Five Favorite Films with Mario Van Peebles

The Redemption Road director also talks about movie music and his famous father.

by |

New Jack City, Mario Van Peebles's first directorial effort, was a critical and commercial smash, and he's subsequently helmed and acted in a wide range of high-profile films and television shows. He made his big screen debut as a teenager in his father Melvin's pioneering indie Sweet Sweetback's Baadasssss Song; years later, the younger Van Peebles directed Baadasssss!, playing his father in a critically-acclaimed drama about the making of that seminal African-American film. His latest, Redemption Road, stars Michael Clark Duncan and Morgan Simpson in a drama about two unlikely road trip companions who find common ground in music. In an interview with RT, Van Peebles shared his favorite films, and also discussed using music as a character in his movies, working with his well-known father, and making the world a greener place..

Sweet Sweetback's Baadasssss Song (1971, 79% Tomatometer)

Well, obviously, I would have to say my dad's movie, Sweet Sweetback's Baadasssss Song is one of them, for sure. You know, I was lucky in that case not only to see the film and see the first movie where an overtly empowered black power character goes up against the system and survives. That was the first of its kind. But also to see my father insist on working with a multiracial crew. He had women on it, he had hippies on it, Hispanics, Asians, you know, and really bring all these folks together. That was super inspiring, to see that you could take sort of a multiracial, sometimes ragtag crew and make the first overtly revolutionary film in America and win and change the game. Because after that, Shaft came. Shaft was written for a white detective by a guy named Ernest Tidyman, and when my dad's film Sweetback made money, they rewrote it with a black guy, and they got a young guy to do the music from Stax Records named Isaac Hayes. My dad, when he did Sweetback, had used Earth, Wind & Fire. So that was a super influential movie on me.

Easy Rider (1969, 87% Tomatometer)

Easy Rider was one I remember that just seemed to be the Peace and Freedom Party movement, in a way, reflected on screen. [Editor's note: the Peace and Freedom Party was an organization founded in California in 1967 with the goal of ending the Vietnam War.]

Black Orpheus (1959, 90% Tomatometer)

Black Orpheus was another film that I remembered as a kid. I just thought the way it was shot, in Brazil... I was drawn to the whole thing.

Mutiny on the Bounty (1962, 69% Tomatometer)

Mutiny on the Bounty with Marlon Brando. After that I was like, "Man, I'm going to Hawaii or Tahiti and getting me one of them!" I mean, holy moly! [laughs] Just being out in nature like that and getting away from the hard, structured Victorian England, it's almost like -- if you look at it now -- it's like a guy going organic. [laughs] In multiple ways, I thought that was exciting.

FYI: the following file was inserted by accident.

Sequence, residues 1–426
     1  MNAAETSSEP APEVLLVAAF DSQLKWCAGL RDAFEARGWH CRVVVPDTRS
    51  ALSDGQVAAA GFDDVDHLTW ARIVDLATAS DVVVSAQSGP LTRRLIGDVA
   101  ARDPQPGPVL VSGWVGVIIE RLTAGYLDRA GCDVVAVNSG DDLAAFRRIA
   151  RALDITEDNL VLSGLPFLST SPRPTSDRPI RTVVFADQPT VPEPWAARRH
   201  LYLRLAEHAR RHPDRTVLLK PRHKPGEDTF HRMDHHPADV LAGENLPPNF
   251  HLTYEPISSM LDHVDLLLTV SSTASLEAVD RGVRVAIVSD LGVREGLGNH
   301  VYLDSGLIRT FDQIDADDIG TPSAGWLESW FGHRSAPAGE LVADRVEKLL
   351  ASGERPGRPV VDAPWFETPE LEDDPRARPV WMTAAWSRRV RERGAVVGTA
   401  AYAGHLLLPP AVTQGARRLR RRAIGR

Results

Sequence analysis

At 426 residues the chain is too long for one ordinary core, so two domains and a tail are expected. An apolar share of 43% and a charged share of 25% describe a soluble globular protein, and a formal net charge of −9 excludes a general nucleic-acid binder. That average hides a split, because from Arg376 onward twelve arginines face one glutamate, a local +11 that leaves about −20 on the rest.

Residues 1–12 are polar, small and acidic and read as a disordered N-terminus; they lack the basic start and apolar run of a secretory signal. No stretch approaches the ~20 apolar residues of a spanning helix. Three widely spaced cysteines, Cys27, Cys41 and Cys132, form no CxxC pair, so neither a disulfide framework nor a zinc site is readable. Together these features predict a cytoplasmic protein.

Night of the Living Dead (1968, 96% Tomatometer)

Night of the Living Dead was one I saw with my dad. I was 18 years old. It scared the s--- out of me. I think my dad and I had to sleep together that night. [laughs] I said, "No, that's it. I don't care how big I am!" And what I loved about it, too, was how [George] Romero could just take this film, and do it clearly on a budget, and yet make it work, have this sort of tongue-in-cheek humor with it.

So part of what, I think, attracted me to the films I mentioned was not just the films themselves, but how they were made, what they meant politically, on all levels. I'm attracted to all those films that, in a way, engaged us across cultures. So, you look at Night of the Living Dead and you put these people in the 1960s in this pressure cooker, and one of them is the black guy, one of them is the white guy, one of them is the chick, and the brother and sister, and you see what happens. The unspoken subtext of it was huge. It was huge, it was revolutionary.

Mutiny on the Bounty was the same thing. And even in films like Redemption Road, where I'll take the black guy, and he's the one who's into country and western, and the white guy, he's the one who's into blues, and both of them, along the way, are going to encounter music that informs their personal narrative, and it also informs the musicality of the film. So, along the way they pick up some blues, some gospel, some jazz, and that feeds into the song they play at the end of the movie, the sort of redemptive song. So I think those movies actually speak to what I'm attracted to in film. I just like something that, on some level, even if it's a horror film, is interesting and redemptive and makes you think.

Next, Mario Van Peebles talks about using music as a character in film, and working with his famous father.